Scientists may have discovered actual evidence of dark matter.
Up to now, the notion that “dark matter” is the glue that holds the universe together has been only a theory, but Space.com is reporting today that two Illinois researchers — one of them a mere grad student — have discovered evidence of dark matter in several explosions.
What does it matter? We know that atoms are a big part of matter, but it’s also believed that they only make
us up 20% of matter.
The Fermi Gamma-ray Space Telescope, which has scanned the heavens in high-energy gamma-ray light since it was launched in 2008, has observed a signal of gamma-rays at the very center of the galaxy that was brighter than expected. Hooper and Goodenough tested many models to explain what could be creating this light. They ultimately concluded it must be caused by dark matter particles that are packed in so densely that they are destroying each other and releasing energy in the form of light.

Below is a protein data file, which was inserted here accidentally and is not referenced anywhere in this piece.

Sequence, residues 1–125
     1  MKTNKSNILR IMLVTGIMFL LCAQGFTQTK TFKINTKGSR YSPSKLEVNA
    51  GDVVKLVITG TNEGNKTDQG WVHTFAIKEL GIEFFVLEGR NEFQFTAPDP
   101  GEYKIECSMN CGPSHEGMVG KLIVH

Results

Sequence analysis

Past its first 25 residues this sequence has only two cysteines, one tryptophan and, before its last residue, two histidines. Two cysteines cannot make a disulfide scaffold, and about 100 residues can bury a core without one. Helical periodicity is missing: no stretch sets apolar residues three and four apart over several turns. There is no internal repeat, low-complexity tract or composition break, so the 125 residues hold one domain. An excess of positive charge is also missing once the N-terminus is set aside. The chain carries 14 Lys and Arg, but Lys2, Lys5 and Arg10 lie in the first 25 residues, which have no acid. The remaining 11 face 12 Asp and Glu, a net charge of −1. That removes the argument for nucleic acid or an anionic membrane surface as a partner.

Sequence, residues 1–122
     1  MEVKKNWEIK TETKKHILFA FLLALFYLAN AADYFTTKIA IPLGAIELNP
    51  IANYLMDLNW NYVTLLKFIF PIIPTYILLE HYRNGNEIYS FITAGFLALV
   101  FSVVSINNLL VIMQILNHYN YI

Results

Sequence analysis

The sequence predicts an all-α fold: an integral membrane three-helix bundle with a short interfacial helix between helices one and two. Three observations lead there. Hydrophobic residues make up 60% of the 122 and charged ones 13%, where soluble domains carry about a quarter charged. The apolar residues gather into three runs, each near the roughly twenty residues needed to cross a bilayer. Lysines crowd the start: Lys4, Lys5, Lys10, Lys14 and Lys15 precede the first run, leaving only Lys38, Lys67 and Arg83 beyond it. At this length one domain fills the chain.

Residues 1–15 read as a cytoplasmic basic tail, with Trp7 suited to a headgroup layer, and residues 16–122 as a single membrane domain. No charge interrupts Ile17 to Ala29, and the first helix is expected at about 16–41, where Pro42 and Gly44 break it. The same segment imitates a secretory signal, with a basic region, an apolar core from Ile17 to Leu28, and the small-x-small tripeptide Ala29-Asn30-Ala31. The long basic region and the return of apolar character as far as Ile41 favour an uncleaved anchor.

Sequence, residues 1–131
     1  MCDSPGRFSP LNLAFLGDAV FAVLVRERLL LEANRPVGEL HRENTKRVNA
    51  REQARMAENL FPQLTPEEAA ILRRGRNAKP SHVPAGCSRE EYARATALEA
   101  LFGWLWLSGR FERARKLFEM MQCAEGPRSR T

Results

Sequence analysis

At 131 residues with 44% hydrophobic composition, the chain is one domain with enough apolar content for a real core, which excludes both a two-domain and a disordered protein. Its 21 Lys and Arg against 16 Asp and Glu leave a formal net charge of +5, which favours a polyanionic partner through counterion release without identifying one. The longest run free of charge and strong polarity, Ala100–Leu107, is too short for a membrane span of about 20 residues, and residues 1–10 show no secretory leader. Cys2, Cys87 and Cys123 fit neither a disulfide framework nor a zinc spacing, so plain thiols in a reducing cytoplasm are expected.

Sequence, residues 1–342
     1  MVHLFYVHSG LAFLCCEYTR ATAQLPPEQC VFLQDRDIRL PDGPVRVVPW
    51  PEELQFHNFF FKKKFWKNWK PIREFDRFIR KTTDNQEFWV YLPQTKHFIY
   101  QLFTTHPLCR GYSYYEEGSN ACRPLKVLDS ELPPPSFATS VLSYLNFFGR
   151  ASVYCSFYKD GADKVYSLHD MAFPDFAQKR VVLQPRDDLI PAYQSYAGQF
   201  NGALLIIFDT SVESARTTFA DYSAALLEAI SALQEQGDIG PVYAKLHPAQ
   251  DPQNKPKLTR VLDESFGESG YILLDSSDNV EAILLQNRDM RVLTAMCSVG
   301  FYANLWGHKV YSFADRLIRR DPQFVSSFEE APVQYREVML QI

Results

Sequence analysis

Physicists have theorized that dark matter particles might be their own antimatter partners, and thus when two dark matter particles meet under the right circumstances, they would destroy each other. Alternatively, dark matter particles might be meeting anti-dark matter particles at the galactic center.
The search for the very secret of the universe has a definite Minnesota connection. One of the biggest projects is based in the
Souhan Soudan Mine in northern Minnesota. Another is based in Rome. Both have previously reported some measure of particles that may be evidence of dark matter.